After suffering through Pearl, was I ever grateful for Elizabeth Strout's excellent Amy and Isabelle. When I was combing the shelves for something to read, I had forgotten that Strout wrote the excellent Olive Kitteridge, and you can see similar themes in her earlier novel: small town life, history repeating itself, the problems of parenthood, mother-daughter relationships (even though Olive had a son, correct?), so I should say parent/child relationships.
Regardless, Amy and Isabelle remains a thoughtful, engrossing novel that takes place, I think as the 60s are turning into the 70s. Isabelle, the mother, and Amy, the daughter, each live with their own internal restrictions that affect their relationship. Isabelle is strict, complex, sad -- she tells everyone she's a widow, but you know that's not the whole story -- and is in love with her boss at the shoe mill where she works as a secretary. So proper she always wears pantyhose in the heat of summer (the hottest on record), her thin brown hair consistently pulled into a French twist, she's unprepared for the issues that arise over her daughter: typical teenage stuff, lying, inappropriate love affairs, and then a shock that changes everything.
Amy's naive in an intelligent way. She was raised by an honest, forthright person (for the most part) and believes that when someone says something, they mean it. And her good heart, her good nature, gets her into a situation that ultimately disappoints her, it's heartbreaking for both mother and daughter.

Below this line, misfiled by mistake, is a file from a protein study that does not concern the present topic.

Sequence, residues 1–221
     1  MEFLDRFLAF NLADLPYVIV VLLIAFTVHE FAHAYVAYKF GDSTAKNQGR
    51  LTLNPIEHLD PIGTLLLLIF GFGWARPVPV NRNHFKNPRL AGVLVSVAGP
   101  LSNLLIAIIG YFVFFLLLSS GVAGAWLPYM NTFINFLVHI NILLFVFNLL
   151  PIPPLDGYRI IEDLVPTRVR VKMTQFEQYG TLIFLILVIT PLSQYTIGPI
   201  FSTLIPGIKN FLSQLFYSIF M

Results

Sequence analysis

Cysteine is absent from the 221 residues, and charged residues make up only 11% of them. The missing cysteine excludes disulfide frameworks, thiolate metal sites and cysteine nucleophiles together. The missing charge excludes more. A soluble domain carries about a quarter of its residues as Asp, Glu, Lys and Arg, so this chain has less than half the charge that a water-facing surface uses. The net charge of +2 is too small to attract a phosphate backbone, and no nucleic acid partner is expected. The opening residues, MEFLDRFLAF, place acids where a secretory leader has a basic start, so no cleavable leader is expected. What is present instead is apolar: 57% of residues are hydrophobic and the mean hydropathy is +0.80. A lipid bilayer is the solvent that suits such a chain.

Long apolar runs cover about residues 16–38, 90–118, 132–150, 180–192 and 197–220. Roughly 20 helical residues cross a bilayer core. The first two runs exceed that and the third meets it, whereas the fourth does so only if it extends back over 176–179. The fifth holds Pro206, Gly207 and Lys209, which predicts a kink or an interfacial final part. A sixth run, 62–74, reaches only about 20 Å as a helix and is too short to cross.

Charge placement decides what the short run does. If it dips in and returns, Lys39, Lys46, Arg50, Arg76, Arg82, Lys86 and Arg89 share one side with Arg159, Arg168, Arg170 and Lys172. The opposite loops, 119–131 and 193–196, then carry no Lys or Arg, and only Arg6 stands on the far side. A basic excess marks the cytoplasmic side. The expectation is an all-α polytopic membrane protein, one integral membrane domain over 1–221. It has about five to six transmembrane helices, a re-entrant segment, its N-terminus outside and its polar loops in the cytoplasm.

Strout has a gift for small town life, like in Olive Kitteridge, she intersperses the story of the main character with other colourful people -- people like Amy's best friend Stacy, her parents, the church women and a truly delightful character called Fat Bev (who comes from French Canadian stock; naturally).
Shirley Falls, Maine might be experiencing a heat wave but the weather isn't the only thing stagnating. As the summer progresses, and as the lies pile up both for Amy and for Isabelle, it's a relief when the truth rains down, both metaphorically and literally -- the storm breaks not just the weather, and it's glorious. The novel itself reads like that moment just after a storm when everything feels fresh and renewed. I honestly enjoyed this novel so much that I spent the few spare minutes finishing it yesterday morning when I should have still been sleeping. I did regret this for a moment when the RRBB had such a rough night last night, but good lord, it was a good read. I honestly think that Alice Munro is an excellent comp for Strout, so if you're a fan, I'd be curious to see what someone else thinks.
READING CHALLENGES: What else? Off the Shelf!
WHAT'S UP NEXT: I started Joyce Maynard's The Good Daughters and am already finding it a bit lacking. The prose feels a little sloppy and repetitious at the moment, but I'm hoping the further I get into the actual story, the more this will abate.